Last summer in back-to-back outbreaks of drug-resistant strains of Salmonella, USDA’s Food Safety and Inspection Service (FSIS) made history by recalling more than a 1.2 million pounds of beef.

One reason FSIS recalled beef for Salmonella contamination–for the first and second time ever–was because of information gleaned by the Colorado Department of Public Health and Environment from those “shopper cards” consumers use to get the best prices at grocery stores.

ground-beef14-featured.jpgBut it was not easy to get that information.  While their customers suffered from infections from Salmonella TD104 and Salmonella Newport, two nasty strains of Salmonella that resist treatment from commonly used drugs, Kroger-owned King Soopers and Safeway Stores refused to make shopper card data easily available to public health investigators.

“We ran into road block after road block,” said Shaun Cosgrove of the Colorado Health Department.  “It slowed us down and hampered our investigation.’

While speaking at the International Association for Food Protection meeting at the Anaheim Convention Center, Cosgrove referred to the retailers only as “Grocery Store Chain A and B.”   However, the names of the retailers involved in last year’s two outbreaks have been a matter of public record since FSIS announced the recalls.

Cosgrove said the two chains initially said they would provide the “Shopper Card” data only if the health department went to court and obtained a warrant for the information.   Health officials were desperate to get the information because it would show exactly what the people suffering from Salmonella symptoms had purchased and on what dates.

Colorado officials thought that information would be more accurate and persuasive with FSIS than relying on the memories of sick people.  They eventually worked out an agreement that required the ill sign release forms granting the health department access to their shopper card data.

Cosgrove said the state health department then relied upon county health officials to go after the required signatures and deliver the originals to their office in Denver when the grocery store chains refused to accept faxed copies.

Scott Seys of FSIS said it was that work by Colorado that helped bring about the historic recalls.  As something that is naturally occurring, Salmonella is not considered an “adulterant” in beef or poultry where it is almost more common than not.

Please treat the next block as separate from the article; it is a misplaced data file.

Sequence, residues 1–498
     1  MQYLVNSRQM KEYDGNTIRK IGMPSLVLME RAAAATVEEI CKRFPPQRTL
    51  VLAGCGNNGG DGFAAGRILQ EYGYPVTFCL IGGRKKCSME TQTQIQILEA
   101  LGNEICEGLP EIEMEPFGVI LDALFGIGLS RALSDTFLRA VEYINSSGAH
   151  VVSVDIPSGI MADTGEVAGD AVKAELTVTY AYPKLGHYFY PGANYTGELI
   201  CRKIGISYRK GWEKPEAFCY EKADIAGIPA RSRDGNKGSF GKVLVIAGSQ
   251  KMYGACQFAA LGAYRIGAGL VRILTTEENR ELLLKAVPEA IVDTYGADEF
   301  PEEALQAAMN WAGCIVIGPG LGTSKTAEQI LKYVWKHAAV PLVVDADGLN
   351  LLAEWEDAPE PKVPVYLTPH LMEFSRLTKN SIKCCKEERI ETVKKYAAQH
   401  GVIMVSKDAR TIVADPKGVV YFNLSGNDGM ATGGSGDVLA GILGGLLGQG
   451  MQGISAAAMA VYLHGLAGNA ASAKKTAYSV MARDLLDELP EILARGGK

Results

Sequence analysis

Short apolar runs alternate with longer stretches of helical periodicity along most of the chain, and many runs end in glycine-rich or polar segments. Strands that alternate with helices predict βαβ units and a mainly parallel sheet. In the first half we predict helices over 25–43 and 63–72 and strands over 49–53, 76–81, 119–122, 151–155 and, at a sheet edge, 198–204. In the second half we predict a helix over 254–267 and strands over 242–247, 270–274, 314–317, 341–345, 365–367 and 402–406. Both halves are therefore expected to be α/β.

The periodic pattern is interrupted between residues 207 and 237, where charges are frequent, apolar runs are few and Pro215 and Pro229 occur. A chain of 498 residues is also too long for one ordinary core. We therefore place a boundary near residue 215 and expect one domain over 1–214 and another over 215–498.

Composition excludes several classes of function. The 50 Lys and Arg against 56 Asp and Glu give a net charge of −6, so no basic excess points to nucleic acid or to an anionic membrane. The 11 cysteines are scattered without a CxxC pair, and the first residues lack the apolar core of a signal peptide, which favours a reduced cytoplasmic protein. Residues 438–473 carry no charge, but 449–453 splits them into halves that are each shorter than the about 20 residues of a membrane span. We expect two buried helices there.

In the past when Salmonella has been found in beef, it has been common for FSIS to merely issue an advisory or warning about it.

But in these two cases last year, where public health was at risk from both the Typhimurium DT104 and Newport stains of Salmonella, FSIS took the unprecedented steps of asking for recalls.  So on:

July 22, 2009, King Soopers, the Denver-based unit of the giant Kroger chain, recalled 466,236 pounds of beef for contamination with Salmonella DT104, and,

On Aug. 5, 2009, Fresno-based Beef Packers Inc. recalled 825,769 pounds of beef for contamination with drug-resistant Salmonella Newport.  The next day, in cooperation with Beef Packers, Inc.’s recall of 825,769 pounds of ground beef that may be linked to an outbreak of Salmonellosis, Safeway Inc. recalled fresh ground beef products sold between June 6 through July 14, 2009.  Safeway stores involved were in: Arizona, California, Colorado, Hawaii, Nebraska, Nevada, New Mexico, South Dakota and Wyoming.

The Salmonella outbreaks involving ground beef were among three outbreak “case studies” presented at IAFP’s annual meeting in Anaheim.   The other two involved the E. coli O157:H7 outbreak associated with Nestle raw cookie dough and Salmonella Rissen outbreak involving Lian How white pepper.

As for the drug-resistant Salmonella cases, spokesmen for the King Soopers and Safeway were not readily available for comment on their resistance to sharing shopper card data on customers who are suffering from foodborne illness.